What’s Happening in Space Policy December 24, 2023-January 7, 2024

What’s Happening in Space Policy December 24, 2023-January 7, 2024

Here is SpacePolicyOnline.com’s list of space policy events for the next TWO weeks plus a day and any insight we can offer about them. The House and Senate are in recess except for pro forma sessions.

During the Weeks

The year’s not over yet!  We still have one more BIG EVENT in 2023, the X-37B launch on Thursday. That’s all this week, though, so we’re including the first week plus a day of the New Year as the annual round of space-related conferences begins anew.

The X-37B super-secret military spaceplane launch was supposed to happen on December 7, but slipped to December 10, December 11, December 12, December 13, and then a big delay to December 28 due to bad weather or technical reasons. Neither DOD nor SpaceX have been forthcoming about the technical issues, mentioning only the need for “system checkouts.” The X-37B program is a partnership between the Department of the Air Force’s (DAF’s) Rapid Capabilities Office and the Space Force. The Air Force and the Space Force both are part of the DAF.

Designated USSF-52 (U.S. Space Force-52), this is the 7th flight of an Orbital Test Vehicle (OTV) in the X-37B program so is also called OTV-7. There are two Boeing-built OTVs and each flight has extended mission duration significantly. The last flight landed in November 2022 after 908 days in space. That’s about two-and-a-half years. The X-37B looks like a small space shuttle, but does not carry astronauts like the shuttle did.

A technician walks to the U.S. Space Force’s X-37B uncrewed spaceplane after landing at Kennedy Space Center’s shuttle landing strip, November 12, 2022. Photo credit: U.S. Space Force

This is the first launch of an X-37B on a SpaceX Falcon Heavy, although OTV-5 was on a Falcon 9 (the others were on United Launch Alliance Atlas V rockets). There’s lots of speculation about what X-37B will be doing with all the extra orbital energy it gets from that more powerful rocket.  The Space Force doesn’t share much information about what the X-37B does while in space, but did say this mission will include operating “in new orbital regimes” and “experimenting with future space domain awareness technologies.”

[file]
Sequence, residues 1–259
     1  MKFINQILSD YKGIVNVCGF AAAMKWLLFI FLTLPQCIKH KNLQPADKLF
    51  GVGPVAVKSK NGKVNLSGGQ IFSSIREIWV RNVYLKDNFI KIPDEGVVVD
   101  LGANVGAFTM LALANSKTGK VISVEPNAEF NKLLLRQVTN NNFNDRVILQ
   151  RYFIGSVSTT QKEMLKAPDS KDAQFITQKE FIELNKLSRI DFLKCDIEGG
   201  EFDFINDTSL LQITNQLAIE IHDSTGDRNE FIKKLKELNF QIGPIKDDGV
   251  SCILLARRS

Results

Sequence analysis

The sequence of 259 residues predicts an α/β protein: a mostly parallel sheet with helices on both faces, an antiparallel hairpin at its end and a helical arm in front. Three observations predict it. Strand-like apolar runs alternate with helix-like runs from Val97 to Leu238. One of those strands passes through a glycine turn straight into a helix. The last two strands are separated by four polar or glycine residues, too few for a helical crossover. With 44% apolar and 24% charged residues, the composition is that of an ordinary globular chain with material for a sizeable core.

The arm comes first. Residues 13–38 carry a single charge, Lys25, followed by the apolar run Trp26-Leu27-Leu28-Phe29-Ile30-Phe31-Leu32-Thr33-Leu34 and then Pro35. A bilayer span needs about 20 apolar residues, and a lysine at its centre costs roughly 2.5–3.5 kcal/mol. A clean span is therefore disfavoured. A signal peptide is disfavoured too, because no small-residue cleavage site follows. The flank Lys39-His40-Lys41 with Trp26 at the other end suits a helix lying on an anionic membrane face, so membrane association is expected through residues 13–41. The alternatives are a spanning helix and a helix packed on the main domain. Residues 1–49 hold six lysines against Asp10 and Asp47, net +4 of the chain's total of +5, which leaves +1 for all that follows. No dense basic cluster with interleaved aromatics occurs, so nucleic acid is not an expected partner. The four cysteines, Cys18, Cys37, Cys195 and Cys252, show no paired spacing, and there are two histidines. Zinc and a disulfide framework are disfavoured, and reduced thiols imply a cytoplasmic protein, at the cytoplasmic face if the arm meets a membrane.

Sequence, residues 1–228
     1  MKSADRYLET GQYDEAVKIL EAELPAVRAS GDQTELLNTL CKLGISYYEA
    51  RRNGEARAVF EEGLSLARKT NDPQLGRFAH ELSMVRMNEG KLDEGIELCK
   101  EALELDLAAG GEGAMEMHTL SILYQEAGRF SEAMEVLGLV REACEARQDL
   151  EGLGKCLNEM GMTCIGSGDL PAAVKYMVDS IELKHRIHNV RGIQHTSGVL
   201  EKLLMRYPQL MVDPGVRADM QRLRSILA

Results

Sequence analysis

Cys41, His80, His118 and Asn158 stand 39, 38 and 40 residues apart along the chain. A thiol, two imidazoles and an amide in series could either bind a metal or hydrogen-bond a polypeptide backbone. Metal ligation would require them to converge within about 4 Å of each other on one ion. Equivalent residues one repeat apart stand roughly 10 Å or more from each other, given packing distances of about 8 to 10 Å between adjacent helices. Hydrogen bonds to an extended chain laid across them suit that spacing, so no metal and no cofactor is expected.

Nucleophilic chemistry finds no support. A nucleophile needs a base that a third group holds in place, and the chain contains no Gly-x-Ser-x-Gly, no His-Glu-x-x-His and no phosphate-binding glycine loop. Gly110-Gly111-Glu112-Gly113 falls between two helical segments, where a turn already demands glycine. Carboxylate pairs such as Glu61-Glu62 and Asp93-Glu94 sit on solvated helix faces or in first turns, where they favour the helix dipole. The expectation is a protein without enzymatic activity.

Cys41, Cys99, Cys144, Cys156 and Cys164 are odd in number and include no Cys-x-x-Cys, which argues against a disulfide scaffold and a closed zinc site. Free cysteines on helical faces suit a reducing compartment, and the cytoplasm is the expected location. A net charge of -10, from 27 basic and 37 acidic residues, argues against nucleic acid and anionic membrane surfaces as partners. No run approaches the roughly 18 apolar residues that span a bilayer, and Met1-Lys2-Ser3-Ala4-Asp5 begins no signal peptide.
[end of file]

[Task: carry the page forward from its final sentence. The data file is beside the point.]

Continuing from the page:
There’s lots of curiosity about what all that means. COMSPOC, a Space Situational Awareness company, has posted speculative videos of two types of orbits the X-37B might fly: a Low Earth Orbit (LEO) trajectory like those of the previous missions that is essentially circular and takes about 90 minutes per orbit, or a Highly Elliptical Orbit (HEO) where the orbit comes close to Earth (perigee) over one hemisphere, but then swings high (apogee) over the other hemisphere allowing the satellite to linger over that part of the world for hours instead of minutes on each orbit. HEO orbits are not uncommon, but would be a first for X-37B if that’s where it’s headed. Professional and amateur satellite trackers surely will be trying to find it once it’s launched. Hopefully that’ll be Thursday. Friday is a backup if needed.

The New Year starts quietly, but will quickly get busy.

Congress remains in recess until the week of January 8 even though they have all those FY2024 appropriations bill deadlines looming, not to mention the supplemental for Ukraine/Israel aid and border policy. As a reminder, agencies in four of the 12 regular appropriations bills had their funding extended to January 19 and the other eight to February 2. The Department of Transportation, including the FAA’s Office of Commercial Space Transportation, is in the first group. DOD, NASA, and the Department of Commerce are in the second.

Lt. Gen. DeAnna Burt (USSF) will speak at a Mitchell Institute webinar on January 5, 2024.

The first week of 2024 does have a couple of events that we know about already.  The Mitchell Institute holds its first Schriever Spacepower Series webinar of the year on January 5 with USSF Lt. Gen. DeAnna Burt, Deputy Chief of Space Operations for Operations, Cyber and Nuclear. She and the Institute’s Gen. Kevin Chilton (Ret.) will discuss “the state of space operations and initiatives to assure continued access to and use of the space domain in the face of increasing kinetic, non-kinetic, and cyber threats.”

On Saturday, January 6, NASA’s Exoplanet Exploration Program Analysis Group (ExoPAG) begins a two-day meeting in conjunction with the winter meeting of the American Astronomical Society (AAS). The AAS meeting starts on Sunday, January 7, and runs through Thursday the 11th. They’re meeting in New Orleans. We’ll have more on that next week.

In the meantime, enjoy the X-37B launch, which will be webcast by SpaceX beginning 15 minutes before launch. Note that the launch window is open for 4 hours. The nominal launch time is 7:00 pm ET, but could be as late as 11:00 pm ET. Following @SpaceX on X is the easiest way to keep up to date or check SpaceX’s website.  We’ll be following it, too, of course @SpcPlcyOnline.

Merry Christmas to all who celebrate and a joyous New Year!


These are the events we know about as of Sunday, December 24. Check back throughout the weeks for others we learn about later and add to our Calendar or changes to these.

Monday, December 25, 2023

Thursday, December 28, 2023

Monday, January 1, 2024

Friday, January 5, 2024

Saturday-Sunday, January 6-7, 2024

Sunday-Thursday, January 7-11, 2024

User Comments

SpacePolicyOnline.com has the right (but not the obligation) to monitor the comments and to remove any materials it deems inappropriate.  We do not post comments that include links to other websites since we have no control over that content nor can we verify the security of such links.